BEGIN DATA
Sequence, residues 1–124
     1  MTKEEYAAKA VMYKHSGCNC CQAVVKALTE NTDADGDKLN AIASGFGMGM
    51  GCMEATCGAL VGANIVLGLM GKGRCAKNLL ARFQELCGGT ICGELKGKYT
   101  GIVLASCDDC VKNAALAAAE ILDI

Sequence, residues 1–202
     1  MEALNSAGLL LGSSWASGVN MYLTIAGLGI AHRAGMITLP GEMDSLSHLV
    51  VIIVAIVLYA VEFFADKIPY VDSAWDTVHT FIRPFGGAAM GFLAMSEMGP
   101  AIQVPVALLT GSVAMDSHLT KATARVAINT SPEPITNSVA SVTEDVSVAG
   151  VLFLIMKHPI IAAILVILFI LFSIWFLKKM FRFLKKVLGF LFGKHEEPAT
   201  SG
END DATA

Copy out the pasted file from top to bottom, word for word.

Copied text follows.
Sequence, residues 1–124
     1  MTKEEYAAKA VMYKHSGCNC CQAVVKALTE NTDADGDKLN AIASGFGMGM
    51  GCMEATCGAL VGANIVLGLM GKGRCAKNLL ARFQELCGGT ICGELKGKYT
   101  GIVLASCDDC VKNAALAAAE ILDI

Sequence, residues 1–202
     1  MEALNSAGLL LGSSWASGVN MYLTIAGLGI AHRAGMITLP GEMDSLSHLV
    51  VIIVAIVLYA VEFFADKIPY VDSAWDTVHT FIRPFGGAAM GFLAMSEMGP
   101  AIQVPVALLT GSVAMDSHLT KATARVAINT SPEPITNSVA SVTEDVSVAG
   151  VLFLIMKHPI IAAILVILFI LFSIWFLKKM FRFLKKVLGF LFGKHEEPAT
   201  SG